CA: What recent news story made you want to scream?

NE: When I was at Netroots Nation, I saw a video of Felipe Matos, who is an American DREAM activist who walked 1500 miles from Florida to Washington, DC, as a part of the Trail of Dreams to support undocumented youth like himself. And he was actually asking the White House communications director why the Obama administration has refused to sign an executive order halting the deportation of DREAM Act-eligible students, and this man couldn’t say anything besides, “President Obama supports the DREAM Act.” It was great to see Felipe engaging him directly, but it was also really frustrating to see the administration refusing to give relief to students who have done nothing wrong, and just want a chance to go to college without the constant fear of deportation. If Obama expects Latino voters to come out and campaign for his re-election next year, he has some work to do. He has a record of deporting more immigrants than any President in history, and I think at the very least he needs to stop the deportation of innocent DREAM Act students.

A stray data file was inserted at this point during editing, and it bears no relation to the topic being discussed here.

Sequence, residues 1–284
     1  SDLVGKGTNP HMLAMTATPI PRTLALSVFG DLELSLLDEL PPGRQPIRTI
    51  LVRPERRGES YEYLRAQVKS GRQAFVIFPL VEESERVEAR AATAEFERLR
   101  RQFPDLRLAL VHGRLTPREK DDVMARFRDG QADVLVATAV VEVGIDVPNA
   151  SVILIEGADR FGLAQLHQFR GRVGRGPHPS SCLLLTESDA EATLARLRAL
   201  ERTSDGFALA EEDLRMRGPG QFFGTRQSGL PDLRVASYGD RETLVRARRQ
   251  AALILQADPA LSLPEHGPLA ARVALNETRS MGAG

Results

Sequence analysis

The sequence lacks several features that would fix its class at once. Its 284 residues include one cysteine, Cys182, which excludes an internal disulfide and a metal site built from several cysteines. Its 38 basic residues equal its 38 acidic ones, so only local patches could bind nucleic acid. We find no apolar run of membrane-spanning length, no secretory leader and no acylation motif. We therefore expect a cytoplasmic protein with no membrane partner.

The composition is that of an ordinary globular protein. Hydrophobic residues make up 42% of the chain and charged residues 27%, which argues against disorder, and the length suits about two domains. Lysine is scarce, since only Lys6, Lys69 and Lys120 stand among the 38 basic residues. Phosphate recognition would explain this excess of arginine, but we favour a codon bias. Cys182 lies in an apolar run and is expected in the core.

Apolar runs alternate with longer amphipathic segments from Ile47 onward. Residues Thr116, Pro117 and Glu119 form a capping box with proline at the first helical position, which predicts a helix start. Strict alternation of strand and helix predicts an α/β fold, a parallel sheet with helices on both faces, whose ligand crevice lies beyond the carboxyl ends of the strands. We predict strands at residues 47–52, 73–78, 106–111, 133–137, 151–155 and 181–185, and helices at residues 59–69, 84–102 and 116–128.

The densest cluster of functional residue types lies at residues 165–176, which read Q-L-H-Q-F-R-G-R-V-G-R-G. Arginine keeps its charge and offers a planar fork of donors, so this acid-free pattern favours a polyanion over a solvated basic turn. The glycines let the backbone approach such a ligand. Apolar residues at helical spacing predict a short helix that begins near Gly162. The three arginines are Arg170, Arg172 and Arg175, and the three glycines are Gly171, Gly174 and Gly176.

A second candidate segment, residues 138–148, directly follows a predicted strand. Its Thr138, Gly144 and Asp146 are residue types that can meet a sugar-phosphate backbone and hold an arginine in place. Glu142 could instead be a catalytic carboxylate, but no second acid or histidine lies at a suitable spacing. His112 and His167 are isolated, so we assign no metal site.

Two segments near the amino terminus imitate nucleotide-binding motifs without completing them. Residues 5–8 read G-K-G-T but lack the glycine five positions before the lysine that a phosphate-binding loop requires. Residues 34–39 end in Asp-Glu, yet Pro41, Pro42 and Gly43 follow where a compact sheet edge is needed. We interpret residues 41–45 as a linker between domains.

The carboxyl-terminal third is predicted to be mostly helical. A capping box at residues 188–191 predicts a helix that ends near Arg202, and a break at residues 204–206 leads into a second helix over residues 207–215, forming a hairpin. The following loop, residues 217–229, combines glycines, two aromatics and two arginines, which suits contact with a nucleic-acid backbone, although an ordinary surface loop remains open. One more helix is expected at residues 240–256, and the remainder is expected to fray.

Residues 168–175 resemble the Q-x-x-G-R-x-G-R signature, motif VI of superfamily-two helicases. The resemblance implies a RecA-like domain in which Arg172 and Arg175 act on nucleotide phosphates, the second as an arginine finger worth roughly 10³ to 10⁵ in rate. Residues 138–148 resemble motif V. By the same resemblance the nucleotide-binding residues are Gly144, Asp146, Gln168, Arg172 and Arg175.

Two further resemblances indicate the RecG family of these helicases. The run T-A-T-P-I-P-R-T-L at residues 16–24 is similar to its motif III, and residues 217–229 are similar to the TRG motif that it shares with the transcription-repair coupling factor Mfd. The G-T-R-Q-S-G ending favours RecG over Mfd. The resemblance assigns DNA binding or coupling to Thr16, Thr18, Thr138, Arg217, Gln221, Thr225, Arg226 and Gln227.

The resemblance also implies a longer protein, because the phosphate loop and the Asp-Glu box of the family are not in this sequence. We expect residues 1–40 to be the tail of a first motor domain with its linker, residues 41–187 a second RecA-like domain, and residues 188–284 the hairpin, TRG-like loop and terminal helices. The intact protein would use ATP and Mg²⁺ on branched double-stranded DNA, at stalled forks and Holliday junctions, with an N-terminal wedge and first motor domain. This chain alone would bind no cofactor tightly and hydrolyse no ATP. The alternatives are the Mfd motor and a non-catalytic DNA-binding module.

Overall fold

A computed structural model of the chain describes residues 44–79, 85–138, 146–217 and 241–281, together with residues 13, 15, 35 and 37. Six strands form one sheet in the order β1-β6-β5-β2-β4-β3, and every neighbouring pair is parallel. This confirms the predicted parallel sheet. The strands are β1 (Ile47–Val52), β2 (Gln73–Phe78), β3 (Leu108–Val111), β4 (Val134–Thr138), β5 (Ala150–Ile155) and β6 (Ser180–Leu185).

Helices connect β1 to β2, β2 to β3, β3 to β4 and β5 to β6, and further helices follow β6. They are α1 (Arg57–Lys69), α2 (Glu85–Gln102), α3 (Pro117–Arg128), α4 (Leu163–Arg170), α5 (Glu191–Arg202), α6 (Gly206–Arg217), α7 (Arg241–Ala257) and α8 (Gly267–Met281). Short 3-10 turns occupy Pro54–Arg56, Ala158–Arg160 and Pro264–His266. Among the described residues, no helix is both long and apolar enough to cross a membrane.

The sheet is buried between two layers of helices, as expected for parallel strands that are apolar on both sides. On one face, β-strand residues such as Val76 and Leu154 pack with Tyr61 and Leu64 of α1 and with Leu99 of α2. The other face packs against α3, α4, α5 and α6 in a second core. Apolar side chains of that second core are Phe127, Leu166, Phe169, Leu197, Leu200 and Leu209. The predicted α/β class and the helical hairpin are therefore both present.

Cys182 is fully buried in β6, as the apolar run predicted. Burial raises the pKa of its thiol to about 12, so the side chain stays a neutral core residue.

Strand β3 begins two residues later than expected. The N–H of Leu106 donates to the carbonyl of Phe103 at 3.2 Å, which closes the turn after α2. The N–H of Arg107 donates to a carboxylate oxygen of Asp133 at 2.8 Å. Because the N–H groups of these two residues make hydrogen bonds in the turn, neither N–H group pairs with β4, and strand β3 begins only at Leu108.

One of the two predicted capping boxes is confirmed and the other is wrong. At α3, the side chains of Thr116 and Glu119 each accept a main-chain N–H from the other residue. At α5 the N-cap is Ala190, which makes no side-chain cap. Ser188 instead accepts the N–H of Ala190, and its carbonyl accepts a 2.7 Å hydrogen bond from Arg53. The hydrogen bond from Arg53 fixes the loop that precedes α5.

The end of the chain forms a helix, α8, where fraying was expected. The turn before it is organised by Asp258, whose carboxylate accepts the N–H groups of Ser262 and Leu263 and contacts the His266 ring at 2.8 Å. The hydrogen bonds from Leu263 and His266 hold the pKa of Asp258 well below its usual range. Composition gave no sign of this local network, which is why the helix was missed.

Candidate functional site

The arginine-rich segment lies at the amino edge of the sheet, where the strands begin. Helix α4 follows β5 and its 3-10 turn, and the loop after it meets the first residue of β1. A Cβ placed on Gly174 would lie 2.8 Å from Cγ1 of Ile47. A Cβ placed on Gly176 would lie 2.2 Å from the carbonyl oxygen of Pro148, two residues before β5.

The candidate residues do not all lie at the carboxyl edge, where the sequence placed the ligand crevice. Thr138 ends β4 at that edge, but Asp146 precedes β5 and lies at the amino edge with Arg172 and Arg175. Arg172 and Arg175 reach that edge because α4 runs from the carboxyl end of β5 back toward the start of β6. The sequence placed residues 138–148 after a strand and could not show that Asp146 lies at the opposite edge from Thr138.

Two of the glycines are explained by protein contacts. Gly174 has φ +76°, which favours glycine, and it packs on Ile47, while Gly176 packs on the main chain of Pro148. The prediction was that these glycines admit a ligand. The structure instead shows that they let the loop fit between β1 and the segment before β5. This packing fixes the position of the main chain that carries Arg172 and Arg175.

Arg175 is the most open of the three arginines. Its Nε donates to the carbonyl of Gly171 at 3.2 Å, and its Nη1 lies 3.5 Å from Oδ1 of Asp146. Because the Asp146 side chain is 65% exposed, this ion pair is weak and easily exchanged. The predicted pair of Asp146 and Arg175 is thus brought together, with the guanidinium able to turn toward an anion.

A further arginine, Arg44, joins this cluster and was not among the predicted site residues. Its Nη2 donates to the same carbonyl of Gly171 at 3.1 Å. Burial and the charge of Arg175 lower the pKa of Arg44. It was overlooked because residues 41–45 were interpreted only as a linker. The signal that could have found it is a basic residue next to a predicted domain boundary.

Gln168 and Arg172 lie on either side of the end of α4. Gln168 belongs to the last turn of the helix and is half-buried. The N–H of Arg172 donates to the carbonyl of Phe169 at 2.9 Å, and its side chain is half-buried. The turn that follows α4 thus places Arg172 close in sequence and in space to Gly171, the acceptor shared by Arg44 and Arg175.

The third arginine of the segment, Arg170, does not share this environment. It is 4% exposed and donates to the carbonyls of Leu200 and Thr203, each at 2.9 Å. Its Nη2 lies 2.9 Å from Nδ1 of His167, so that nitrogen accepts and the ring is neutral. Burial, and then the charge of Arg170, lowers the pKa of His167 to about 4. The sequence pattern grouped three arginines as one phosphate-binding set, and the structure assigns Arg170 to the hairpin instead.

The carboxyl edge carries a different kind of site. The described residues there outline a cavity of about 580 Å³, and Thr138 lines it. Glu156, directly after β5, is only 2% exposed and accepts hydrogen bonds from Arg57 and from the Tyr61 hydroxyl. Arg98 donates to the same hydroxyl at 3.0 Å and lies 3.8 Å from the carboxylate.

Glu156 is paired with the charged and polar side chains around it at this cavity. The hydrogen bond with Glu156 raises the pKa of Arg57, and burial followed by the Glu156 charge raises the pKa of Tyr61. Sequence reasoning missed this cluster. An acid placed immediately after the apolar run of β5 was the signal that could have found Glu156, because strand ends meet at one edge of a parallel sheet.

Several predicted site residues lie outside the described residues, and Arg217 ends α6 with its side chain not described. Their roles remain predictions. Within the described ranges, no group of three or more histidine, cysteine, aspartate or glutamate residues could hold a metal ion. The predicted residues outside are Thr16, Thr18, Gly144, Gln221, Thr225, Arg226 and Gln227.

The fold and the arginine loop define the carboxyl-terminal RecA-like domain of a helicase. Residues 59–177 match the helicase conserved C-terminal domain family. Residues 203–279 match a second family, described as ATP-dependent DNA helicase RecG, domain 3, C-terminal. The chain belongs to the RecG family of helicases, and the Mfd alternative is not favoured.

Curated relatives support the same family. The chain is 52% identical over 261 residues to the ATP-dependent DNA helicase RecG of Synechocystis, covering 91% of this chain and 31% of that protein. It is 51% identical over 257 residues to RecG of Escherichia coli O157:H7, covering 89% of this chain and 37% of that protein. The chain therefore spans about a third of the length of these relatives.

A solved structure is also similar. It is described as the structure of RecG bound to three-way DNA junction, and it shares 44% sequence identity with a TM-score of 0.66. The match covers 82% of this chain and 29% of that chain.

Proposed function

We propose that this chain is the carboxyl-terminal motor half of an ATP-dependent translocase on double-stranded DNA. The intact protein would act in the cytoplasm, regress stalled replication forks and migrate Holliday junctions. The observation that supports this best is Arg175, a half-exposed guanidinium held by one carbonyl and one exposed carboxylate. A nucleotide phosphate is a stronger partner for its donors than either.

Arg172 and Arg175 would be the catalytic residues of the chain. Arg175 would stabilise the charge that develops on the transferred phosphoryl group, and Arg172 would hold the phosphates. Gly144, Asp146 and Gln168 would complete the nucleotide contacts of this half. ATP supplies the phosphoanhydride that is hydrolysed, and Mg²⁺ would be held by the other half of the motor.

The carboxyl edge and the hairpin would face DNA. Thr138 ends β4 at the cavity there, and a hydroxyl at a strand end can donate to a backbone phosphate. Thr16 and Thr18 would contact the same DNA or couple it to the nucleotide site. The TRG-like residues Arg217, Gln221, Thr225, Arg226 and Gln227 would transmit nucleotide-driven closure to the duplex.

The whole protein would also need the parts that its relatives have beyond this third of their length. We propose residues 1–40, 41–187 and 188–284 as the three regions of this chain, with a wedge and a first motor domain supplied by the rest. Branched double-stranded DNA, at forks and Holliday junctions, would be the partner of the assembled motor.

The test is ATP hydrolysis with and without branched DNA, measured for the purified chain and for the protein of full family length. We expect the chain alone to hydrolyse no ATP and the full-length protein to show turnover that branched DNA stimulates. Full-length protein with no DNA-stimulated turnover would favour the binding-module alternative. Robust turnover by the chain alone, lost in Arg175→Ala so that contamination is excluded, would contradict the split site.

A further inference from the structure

CA: What, in your opinion, is the greatest challenge facing feminism today?

NE: I think that as a man, I need to speak out against patriarchy, and hold my community accountable. As a person who constantly benefits from a society in which my gender is privileged, I see it as my responsibility to act as an ally to women, as part of a lifelong movement toward our collective liberation. I don’t think that women should have to be the ones bringing feminist issues up. They’re not just women’s issues, but basic issues of equality and justice, and as long as we live in a world where women are oppressed, none of us are free. I would also like to see the feminist movement grow out of what has sometimes been a largely white and middle class movement into one that’s more inclusive of women of color and women from the developing world. I think it’s crucial that we see the intersectionality of our oppressions, and build movements that reflect that and build power for all of us.